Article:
'Many people have a preconception about butoh — that it is performed by dancers whose bodies are painted white. So when we debuted our current program, 'Crazy Camel,' in France, and we came on stage covered in gold-colored powder, the fans and experts there thought we were pioneering a new style," 72-year-old butoh master Akaji Maro says in a recent email interview. "In fact, this gold-powdered showy performance style has existed as a cabaret-show flip side of orthodox butoh since not long after the genre was started in 1959. It was developed by two trailblazers — Tatsumi Hijikata (1928-86) and Kazuo Ohno (1906-2010)."
Maro founded the butoh dance company Dairakudakan (Great Camel Ship) in 1972, and the astonishingly athletic dancer has since also become well known to the non-butoh world as both a stage and screen actor. He was delighted by the audience's enthusiastic reaction to "Crazy Camel" at the Maison de la Culture du Japon in Paris in 2012, and his company went on to perform the same kinpun (gold-powdered) show to similar great effect in 2013 at the Montpellier Dance Festival in the south of France and the Festival Automne en Normandie in and around Rouen in the north, before returning to Poitiers in west-central France last May.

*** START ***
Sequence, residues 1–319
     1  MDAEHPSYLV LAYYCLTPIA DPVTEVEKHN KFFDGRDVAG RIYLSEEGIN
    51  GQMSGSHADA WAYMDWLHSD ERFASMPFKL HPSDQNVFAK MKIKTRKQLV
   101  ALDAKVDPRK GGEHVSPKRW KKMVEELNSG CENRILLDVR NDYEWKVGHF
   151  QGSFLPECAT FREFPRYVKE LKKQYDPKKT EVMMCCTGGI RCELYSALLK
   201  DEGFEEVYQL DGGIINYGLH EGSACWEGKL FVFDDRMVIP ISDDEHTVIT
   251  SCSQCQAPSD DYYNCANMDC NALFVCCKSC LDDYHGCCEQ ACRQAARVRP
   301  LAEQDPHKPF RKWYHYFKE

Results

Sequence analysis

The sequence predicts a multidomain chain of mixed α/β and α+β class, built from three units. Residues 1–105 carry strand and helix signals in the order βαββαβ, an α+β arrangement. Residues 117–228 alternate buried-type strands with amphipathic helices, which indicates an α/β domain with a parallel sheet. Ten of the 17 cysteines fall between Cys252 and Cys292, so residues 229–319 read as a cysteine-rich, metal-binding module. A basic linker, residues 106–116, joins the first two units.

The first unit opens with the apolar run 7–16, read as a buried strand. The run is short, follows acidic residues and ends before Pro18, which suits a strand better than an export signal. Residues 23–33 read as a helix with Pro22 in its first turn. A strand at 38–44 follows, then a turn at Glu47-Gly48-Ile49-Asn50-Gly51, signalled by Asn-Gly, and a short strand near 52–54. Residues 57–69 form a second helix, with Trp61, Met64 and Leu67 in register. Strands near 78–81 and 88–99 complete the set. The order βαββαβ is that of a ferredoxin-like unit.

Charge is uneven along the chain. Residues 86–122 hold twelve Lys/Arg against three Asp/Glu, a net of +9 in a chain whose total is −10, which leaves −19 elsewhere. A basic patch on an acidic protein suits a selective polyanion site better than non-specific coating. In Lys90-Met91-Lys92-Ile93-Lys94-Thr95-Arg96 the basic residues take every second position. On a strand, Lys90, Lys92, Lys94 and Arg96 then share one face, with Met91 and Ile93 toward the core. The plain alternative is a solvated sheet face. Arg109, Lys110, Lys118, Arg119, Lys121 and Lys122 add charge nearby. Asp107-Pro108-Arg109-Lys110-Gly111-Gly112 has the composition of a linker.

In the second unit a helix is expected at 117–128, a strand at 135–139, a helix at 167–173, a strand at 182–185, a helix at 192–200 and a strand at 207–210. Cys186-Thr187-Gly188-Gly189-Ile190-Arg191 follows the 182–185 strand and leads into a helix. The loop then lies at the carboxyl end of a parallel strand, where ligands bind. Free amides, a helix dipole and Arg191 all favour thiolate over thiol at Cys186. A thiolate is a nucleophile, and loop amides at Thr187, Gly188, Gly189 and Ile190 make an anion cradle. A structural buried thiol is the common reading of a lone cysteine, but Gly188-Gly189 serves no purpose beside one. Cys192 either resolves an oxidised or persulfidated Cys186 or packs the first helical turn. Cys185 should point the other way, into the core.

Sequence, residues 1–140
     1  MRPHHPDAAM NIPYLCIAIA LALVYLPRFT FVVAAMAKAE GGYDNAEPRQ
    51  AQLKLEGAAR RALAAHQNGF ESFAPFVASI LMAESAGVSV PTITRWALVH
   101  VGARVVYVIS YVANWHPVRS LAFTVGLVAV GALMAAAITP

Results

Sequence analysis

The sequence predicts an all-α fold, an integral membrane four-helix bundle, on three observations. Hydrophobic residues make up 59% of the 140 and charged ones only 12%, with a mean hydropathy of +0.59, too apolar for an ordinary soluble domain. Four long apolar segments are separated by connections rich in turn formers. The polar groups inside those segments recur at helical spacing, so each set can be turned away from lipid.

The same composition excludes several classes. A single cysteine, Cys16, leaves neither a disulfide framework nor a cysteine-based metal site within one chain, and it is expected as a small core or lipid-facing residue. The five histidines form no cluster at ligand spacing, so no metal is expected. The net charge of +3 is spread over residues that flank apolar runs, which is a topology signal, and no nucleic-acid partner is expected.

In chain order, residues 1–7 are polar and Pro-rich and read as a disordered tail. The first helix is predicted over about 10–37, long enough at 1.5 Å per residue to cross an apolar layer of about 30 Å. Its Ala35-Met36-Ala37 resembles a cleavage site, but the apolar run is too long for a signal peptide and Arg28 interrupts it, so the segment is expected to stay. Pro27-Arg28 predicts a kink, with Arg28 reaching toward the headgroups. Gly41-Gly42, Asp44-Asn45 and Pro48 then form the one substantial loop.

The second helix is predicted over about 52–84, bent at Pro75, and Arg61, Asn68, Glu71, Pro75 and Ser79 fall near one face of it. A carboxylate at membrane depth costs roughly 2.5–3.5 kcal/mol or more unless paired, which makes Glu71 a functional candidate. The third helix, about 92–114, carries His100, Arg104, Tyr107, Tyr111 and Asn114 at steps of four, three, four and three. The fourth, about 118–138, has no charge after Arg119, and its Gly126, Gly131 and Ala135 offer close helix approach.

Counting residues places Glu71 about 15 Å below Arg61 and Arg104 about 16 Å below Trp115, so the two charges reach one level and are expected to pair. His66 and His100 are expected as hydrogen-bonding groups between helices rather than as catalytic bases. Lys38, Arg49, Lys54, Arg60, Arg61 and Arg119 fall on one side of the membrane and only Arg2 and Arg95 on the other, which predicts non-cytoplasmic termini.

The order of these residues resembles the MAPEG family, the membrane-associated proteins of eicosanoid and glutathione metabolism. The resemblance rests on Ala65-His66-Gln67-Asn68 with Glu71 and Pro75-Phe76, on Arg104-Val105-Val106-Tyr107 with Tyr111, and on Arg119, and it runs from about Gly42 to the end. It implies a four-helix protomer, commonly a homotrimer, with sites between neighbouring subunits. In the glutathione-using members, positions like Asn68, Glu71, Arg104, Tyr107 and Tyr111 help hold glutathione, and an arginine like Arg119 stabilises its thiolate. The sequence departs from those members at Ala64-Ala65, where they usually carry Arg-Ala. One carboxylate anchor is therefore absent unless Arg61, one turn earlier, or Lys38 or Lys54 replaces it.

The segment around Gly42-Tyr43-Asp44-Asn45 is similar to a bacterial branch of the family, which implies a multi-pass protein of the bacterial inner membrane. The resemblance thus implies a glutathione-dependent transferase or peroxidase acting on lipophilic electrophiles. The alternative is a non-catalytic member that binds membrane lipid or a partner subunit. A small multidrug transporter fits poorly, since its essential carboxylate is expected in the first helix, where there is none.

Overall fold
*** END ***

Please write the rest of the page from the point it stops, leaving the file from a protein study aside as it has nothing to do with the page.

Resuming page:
Ironically, though, as the golden dancers helped make the captivating art form of butoh familiar to European theatergoers, "Crazy Camel" was never staged in its original home of Japan.